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What to know about child support during the shutdown

Federal employees who are parents and who aren't working because of the government shutdown are still required to make child support payments. However, authorities in Texas say that they are aware the shutdown could make it difficult to make those payments on time. Parents are encouraged to contact state authorities to discuss their options and to possible make alternate payment arrangements. Noncustodial parents are also encouraged to talk with the custodial parent about alternate payment options.

In some cases, the state may decline to pursue enforcement of unpaid child support until those who owe money go back to work. Those who cannot pay because of the shutdown will not be jailed for failure to make payments. However, a court will look to see if a noncustodial parent has any other resources available to make them in a timely manner. For instance, if an individual can borrow money or sell assets, the shutdown may not be a defense for not making child support payments as ordered.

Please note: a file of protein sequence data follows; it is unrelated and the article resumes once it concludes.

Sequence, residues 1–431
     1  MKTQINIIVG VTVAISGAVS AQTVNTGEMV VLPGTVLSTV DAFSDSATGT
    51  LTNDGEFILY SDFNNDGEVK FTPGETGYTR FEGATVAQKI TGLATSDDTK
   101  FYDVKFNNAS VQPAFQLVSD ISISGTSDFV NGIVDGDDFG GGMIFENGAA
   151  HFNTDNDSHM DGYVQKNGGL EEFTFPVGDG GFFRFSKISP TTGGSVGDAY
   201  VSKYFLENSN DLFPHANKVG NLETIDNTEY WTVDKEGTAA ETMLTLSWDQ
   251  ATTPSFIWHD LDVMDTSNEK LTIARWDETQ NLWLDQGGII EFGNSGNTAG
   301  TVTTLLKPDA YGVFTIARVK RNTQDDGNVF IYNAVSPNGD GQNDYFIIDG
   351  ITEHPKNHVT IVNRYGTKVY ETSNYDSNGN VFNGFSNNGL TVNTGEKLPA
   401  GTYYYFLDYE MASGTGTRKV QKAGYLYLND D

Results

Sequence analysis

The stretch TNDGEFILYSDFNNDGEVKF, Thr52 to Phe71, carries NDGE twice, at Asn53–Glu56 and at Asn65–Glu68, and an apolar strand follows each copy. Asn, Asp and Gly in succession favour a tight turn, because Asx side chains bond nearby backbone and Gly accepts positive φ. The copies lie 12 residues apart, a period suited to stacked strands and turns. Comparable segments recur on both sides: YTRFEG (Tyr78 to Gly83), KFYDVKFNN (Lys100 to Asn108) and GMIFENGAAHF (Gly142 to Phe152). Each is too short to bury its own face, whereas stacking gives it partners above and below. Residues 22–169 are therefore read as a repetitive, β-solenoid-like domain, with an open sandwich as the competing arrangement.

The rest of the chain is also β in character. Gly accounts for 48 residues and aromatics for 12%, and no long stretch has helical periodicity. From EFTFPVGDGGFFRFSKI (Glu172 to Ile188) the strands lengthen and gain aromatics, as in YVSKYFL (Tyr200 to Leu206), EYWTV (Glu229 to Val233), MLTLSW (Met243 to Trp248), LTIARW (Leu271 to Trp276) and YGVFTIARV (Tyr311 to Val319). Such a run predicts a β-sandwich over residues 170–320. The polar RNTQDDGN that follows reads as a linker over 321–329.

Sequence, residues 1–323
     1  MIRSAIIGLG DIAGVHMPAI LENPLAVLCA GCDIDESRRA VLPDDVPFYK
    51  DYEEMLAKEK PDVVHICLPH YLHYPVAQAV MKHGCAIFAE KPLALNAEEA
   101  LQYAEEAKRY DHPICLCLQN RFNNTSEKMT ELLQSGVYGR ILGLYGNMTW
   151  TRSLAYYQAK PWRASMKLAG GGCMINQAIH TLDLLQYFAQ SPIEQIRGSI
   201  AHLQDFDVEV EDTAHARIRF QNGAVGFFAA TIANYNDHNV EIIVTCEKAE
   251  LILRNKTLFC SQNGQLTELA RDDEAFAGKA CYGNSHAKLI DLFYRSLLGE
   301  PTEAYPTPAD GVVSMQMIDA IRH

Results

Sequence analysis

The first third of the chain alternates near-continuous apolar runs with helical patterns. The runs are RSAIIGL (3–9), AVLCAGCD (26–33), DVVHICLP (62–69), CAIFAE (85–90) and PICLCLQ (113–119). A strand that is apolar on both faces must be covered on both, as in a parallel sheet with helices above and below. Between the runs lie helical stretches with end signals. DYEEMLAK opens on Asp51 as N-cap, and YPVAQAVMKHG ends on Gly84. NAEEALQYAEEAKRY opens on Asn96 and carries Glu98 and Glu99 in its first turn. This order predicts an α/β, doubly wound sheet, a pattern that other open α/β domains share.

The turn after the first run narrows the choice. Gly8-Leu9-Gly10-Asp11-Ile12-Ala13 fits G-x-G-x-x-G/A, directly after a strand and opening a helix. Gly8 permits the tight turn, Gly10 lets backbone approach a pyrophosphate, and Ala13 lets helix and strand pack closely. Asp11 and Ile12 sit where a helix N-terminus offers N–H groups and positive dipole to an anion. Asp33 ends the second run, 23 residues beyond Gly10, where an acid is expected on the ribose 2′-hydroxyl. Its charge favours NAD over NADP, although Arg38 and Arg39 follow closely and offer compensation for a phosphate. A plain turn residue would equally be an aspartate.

Child support payments are designed to further the best interests of the child. Therefore, parents are required to make the payments unless they encounter an extreme hardship. In many cases, not being paid by an employer may count as such a hardship.

However, noncustodial parents may benefit from consulting with an attorney in such a scenario. It may also be worthwhile to work with a family court and the custodial parent to reach a solution. This may enable an individual to provide for a child and avoid possible penalties for failing to make child support payments. If a loss of income is expected to be long-term or permanent, an attorney may help a parent pursue a modification of the order.

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